Send to

Choose Destination
J Pediatr. 1989 Apr;114(4 Pt 1):625-31.

Neutropenia and thrombocytopenia in infants with Rh hemolytic disease.

Author information

Division of Human Development and Aging, University of Utah School of Medicine, Salt Lake City 84132.


To assess the incidence and mechanisms of thrombocytopenia and neutropenia in neonates with Rh hemolytic disease, we studied 20 consecutive patients with this condition who were born at our hospital. All five patients with severe disease (hydrops) had neutropenia and thrombocytopenia before and after exchange transfusions. Two of six patients with moderately severe disease (not hydropic but requiring exchange transfusion) had neutropenia; all six had thrombocytopenia. Of nine patients with mild disease (not treated with exchange transfusions), two had neutropenia but none had thrombocytopenia. The mean platelet volume was low or normal (7.5 +/- 0.2 ft) in the patients with thrombocytopenia, and the neutropenia was not accompanied by a "left shift" (ratio of immature to total neutrophils 0.26 +/- 0.03, mean +/- SEM). In two severely affected patients, erythroid progenitor levels were elevated and their proliferative rates (tritiated thymidine suicide) were increased, whereas their granulocyte-macrophage progenitor levels and the proliferative rates of those progenitors were diminished. In a severely affected patient, the in vitro maturation of multipotent progenitors was altered, with production of a greater than normal proportion of normoblasts (p less than 0.01) but fewer neutrophils (p less than 0.02) and megakaryocytes (p less than 0.03). It appears that the marked increase in erythropoiesis in fetuses with Rh hemolytic disease can be accompanied by a down-modulation of neutrophil and platelet production.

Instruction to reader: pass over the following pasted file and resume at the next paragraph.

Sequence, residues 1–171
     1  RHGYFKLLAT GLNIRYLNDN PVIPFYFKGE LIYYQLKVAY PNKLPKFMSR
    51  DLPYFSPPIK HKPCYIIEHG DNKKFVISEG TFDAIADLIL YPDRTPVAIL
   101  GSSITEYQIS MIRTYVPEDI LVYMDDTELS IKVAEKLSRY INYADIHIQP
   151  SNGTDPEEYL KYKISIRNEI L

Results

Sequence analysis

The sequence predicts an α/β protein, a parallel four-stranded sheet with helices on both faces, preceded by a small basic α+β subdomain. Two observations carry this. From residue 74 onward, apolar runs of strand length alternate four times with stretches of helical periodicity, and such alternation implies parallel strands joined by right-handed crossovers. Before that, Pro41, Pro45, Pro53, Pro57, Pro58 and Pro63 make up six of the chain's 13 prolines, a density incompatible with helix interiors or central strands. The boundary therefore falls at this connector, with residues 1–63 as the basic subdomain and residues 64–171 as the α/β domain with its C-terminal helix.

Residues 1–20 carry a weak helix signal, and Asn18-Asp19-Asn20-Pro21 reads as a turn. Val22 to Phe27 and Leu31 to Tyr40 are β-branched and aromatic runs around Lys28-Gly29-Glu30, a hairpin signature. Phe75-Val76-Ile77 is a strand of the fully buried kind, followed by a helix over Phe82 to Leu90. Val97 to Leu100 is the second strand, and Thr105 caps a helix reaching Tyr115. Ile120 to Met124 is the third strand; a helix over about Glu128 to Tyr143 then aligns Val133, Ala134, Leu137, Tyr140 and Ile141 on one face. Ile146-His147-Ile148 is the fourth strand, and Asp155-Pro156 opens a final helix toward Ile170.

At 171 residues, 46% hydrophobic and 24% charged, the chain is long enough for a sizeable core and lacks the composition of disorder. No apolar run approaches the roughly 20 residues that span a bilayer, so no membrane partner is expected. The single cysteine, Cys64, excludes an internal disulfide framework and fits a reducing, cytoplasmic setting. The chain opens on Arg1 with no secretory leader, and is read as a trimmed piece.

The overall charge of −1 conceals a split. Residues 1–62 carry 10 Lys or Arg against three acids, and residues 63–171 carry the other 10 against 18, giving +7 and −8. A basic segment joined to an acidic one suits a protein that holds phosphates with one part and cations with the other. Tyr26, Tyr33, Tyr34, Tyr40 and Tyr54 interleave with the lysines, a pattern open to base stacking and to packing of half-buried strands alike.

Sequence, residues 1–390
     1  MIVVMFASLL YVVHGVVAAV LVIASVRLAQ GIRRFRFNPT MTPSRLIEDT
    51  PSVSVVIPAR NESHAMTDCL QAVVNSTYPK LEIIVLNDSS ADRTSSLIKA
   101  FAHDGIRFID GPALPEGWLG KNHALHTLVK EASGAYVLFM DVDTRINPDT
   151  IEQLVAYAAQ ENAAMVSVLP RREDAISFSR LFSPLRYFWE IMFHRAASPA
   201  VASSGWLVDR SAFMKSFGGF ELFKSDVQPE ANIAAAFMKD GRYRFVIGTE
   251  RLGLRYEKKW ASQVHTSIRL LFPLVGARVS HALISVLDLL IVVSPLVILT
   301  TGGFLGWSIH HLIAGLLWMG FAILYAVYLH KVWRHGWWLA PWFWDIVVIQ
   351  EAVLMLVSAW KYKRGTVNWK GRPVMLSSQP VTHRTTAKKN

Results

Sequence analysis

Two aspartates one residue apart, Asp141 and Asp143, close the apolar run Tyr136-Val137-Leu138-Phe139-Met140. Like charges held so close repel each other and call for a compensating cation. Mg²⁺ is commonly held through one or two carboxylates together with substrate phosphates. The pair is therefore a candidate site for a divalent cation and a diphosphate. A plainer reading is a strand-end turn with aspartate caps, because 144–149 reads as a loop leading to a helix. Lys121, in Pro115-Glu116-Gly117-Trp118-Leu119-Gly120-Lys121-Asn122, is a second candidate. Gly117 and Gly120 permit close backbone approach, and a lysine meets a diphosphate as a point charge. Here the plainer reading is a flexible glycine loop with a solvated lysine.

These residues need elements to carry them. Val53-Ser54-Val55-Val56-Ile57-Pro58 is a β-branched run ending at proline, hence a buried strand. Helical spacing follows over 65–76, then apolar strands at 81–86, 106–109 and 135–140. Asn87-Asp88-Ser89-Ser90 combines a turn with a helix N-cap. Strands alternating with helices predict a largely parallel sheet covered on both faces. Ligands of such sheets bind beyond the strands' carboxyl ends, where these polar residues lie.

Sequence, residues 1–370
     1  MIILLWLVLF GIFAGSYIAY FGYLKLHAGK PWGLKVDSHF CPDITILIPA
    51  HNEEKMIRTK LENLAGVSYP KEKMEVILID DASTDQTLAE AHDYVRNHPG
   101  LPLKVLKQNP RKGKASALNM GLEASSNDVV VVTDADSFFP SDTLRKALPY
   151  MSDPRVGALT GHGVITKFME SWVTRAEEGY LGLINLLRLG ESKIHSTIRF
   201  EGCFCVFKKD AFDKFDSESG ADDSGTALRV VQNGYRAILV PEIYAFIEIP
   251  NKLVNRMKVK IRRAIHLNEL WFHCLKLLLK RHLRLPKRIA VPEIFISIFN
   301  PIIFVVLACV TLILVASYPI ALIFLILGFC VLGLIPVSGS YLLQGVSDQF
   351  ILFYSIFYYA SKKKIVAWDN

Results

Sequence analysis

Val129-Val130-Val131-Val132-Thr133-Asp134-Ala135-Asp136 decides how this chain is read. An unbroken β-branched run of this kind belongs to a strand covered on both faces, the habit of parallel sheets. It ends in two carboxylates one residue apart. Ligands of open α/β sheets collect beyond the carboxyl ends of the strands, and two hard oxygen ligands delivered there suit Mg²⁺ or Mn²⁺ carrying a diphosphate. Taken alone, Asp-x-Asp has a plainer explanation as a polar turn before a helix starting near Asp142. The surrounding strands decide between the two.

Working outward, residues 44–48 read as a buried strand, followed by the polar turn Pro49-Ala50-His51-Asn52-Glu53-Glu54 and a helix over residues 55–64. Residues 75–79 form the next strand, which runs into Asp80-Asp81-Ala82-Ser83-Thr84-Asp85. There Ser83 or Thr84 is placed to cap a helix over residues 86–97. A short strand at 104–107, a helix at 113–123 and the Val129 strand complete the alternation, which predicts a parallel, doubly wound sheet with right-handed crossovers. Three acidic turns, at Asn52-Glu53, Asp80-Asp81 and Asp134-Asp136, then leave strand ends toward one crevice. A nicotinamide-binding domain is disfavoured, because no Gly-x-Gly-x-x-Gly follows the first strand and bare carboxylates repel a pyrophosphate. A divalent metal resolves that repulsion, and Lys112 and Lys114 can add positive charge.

[Indexed for MEDLINE]

Supplemental Content

Full text links

Icon for Elsevier Science
Loading ...
Support Center